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One Minute Meditations for a Happier Life

by Shirley Ryan

Meditation has been used for centuries to train the mind, and the list for its uses are extensive. Not only does meditation increase wellness in general, it reduces stress, anxieties and cultivates positive emotions. In addition, with consistent use, it reshapes the cortex of the brain resulting in an increase in attention span, sharpening of focus and improved memory.

Sounds like just what the doctor ordered you say? But practically, how does one fit this into a busy schedule? Meditation using mindfulness is the most practical way to meditate. In the simple act of training ourselves to become more aware by slowing down our sense of time passing, we can learn to monitor our moods and thoughts before they spiral downward. We can, in other words, make ourselves happier. Simply being mindful (paying attention) during your daily activities is a kind of mediation.

This kind of meditation is being in the moment, exercising a set of mental activities that sees things with impartial watchfulness. It does not take sides. A mindful meditator is both participant and observer. It is observing all phenomena - physical, mental or emotional - whatever is presently taking place in the mind. Ever eat an orange and really savor the process from peeling through tasting it? Let's see how mindfulness works.

Behold (without judgment) the beauty of the orange as you hold it up to the light and witness the color, moving it to your nose to breathe in the sent of the rind itself. Perfect roundness rolls over your fingertips as the sphere moves from your left to your right hand. Feel the dibbled texture as it slides over your fingertips. All of your senses are alive as you hear the peel pull away from the skin. A cool spray of juice prickles your skin as the sent of the orange creates an aroma that makes your mouth water. Pull the segments apart and bite into it letting the juice run into your mouth. Savor the sweet liquid as it becomes a part of your awareness. This is mindfully eating an orange with full awareness of its presence in your life. The process of mindfulness is simply short bursts of attention to one thing. We do this normally in our everyday life. As you begin to assimilate the process, and become more proficient the attention moves to all things.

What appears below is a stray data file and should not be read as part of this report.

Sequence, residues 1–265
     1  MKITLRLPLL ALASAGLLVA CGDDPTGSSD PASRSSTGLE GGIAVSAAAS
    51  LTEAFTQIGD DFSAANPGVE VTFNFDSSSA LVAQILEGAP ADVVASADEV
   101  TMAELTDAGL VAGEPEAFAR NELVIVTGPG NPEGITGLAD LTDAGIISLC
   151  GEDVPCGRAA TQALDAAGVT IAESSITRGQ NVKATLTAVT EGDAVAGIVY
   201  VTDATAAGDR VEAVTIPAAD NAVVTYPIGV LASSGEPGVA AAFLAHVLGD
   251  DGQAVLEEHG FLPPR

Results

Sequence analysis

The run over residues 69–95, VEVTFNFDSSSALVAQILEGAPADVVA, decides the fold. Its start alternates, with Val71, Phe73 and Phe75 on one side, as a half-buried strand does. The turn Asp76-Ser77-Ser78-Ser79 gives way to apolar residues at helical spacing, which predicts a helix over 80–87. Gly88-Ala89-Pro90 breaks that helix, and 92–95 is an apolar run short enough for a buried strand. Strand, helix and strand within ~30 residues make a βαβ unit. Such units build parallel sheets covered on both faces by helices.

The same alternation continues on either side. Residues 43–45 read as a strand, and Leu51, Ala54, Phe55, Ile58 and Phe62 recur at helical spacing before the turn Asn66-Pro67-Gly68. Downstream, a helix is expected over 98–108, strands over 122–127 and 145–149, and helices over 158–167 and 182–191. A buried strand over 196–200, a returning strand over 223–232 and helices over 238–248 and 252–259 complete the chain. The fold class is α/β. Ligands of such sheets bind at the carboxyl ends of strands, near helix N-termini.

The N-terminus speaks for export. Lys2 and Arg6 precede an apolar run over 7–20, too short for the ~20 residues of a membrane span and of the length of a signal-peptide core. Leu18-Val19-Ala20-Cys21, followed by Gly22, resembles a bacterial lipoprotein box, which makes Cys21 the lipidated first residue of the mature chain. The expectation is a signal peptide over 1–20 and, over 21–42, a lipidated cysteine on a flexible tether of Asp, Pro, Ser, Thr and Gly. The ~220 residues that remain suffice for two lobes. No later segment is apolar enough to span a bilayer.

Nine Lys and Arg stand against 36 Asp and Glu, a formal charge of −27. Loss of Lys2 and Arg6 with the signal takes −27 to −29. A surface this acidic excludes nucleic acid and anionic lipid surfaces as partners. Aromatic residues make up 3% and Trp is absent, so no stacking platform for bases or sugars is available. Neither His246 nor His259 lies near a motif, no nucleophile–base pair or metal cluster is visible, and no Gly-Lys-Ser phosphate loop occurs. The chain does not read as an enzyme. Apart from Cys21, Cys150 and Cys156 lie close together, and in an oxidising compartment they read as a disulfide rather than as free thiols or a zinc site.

Some tips for meditation using mindfulness:

1. Choose one simple thing a day that you can spend time with to give your full attention. (Start with something easy like: washing dishes or the car, deadheading plants, folding towels, brushing the dog, running, making a sandwich, eating anything, brushing teeth, etc.)

2. Make an appointment with yourself for this practice. (Later you can just spontaneously choose, but for now set a time in your calendar or it will not happen.)

3. Tell someone that you are practicing meditation in short spurts once a day. (This commits you to the process and sets the stage for you to change your behavior and view of yourself.)

4. While you wait for this time, practice breathing into the diaphragm in one minute intervals. Cleansing breathwork is an anchor to the present moment and an important part of being healthy. Breathe into the place between your ribs and navel. (Stop lights are a great place to practice this.)

5. Stretch regularly while sitting (Turn your neck as far as possible from side to side and up and down.), and standing (Reach to the ceiling.).

6. When the time comes, use all of your senses: sight, smell, hearing, touch, taste (if appropriate), and intuition. Experience the object without judgment--just observe. (Soapy hand, slippery, wet, silky, warm water, etc.) Detach from whatever you are seeing or hearing--it just is and nothing more.

Nothing is excluded, thoughts, distractions, sounds, images, ideas, or feelings that arise, everything is welcomed. We simply allow whatever is there to be.

Consistently observe with bare attention both the breath and every mental phenomenon. Time is different now as it slows down our sense of its passing. This gives a rare opportunity to see the world and ourselves differently and to choose how we feel and act.

Mindful meditation is a good choice to develop a greater sense of self awareness and of how we fit within the universe. The universe responds favorably to the attention to your life, and the attention to all of its gifts to you.

See Also:

Mindfulness (Vipassana)

The Tao of Breathing
One of the impressions I have gained recently in speaking to Zen friends about practice is a certain attitude towards breathing in zazen. For the sake of brevity, and just for fun, I wish to refer to it as "samurai breathing". I think it has its origins in the martial arts.

Meditation - Staying Awake
Are you falling asleep while meditating? Learn a few simple tricks to avoid this common problem.

Shirley Ryan is the author of Searching for the Waters of Antiquity, a Follow Along Meditation Process. Learn more at http://www.searchingforthewatersofantiquity.com

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